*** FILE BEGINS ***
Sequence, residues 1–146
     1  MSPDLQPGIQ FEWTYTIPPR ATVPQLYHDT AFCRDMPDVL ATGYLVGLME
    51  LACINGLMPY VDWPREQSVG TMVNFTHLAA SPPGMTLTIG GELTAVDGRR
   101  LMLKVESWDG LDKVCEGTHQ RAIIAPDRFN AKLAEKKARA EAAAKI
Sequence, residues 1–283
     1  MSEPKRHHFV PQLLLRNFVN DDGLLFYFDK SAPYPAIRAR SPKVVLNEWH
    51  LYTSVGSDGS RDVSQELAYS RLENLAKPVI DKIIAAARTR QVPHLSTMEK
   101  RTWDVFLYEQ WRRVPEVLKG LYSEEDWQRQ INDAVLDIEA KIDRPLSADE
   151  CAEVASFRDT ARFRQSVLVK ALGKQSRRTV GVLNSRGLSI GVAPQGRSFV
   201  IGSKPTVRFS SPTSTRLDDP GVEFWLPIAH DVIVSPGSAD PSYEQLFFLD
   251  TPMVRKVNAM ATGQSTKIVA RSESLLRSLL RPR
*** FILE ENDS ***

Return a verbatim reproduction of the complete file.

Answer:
Sequence, residues 1–146
     1  MSPDLQPGIQ FEWTYTIPPR ATVPQLYHDT AFCRDMPDVL ATGYLVGLME
    51  LACINGLMPY VDWPREQSVG TMVNFTHLAA SPPGMTLTIG GELTAVDGRR
   101  LMLKVESWDG LDKVCEGTHQ RAIIAPDRFN AKLAEKKARA EAAAKI
Sequence, residues 1–283
     1  MSEPKRHHFV PQLLLRNFVN DDGLLFYFDK SAPYPAIRAR SPKVVLNEWH
    51  LYTSVGSDGS RDVSQELAYS RLENLAKPVI DKIIAAARTR QVPHLSTMEK
   101  RTWDVFLYEQ WRRVPEVLKG LYSEEDWQRQ INDAVLDIEA KIDRPLSADE
   151  CAEVASFRDT ARFRQSVLVK ALGKQSRRTV GVLNSRGLSI GVAPQGRSFV
   201  IGSKPTVRFS SPTSTRLDDP GVEFWLPIAH DVIVSPGSAD PSYEQLFFLD
   251  TPMVRKVNAM ATGQSTKIVA RSESLLRSLL RPR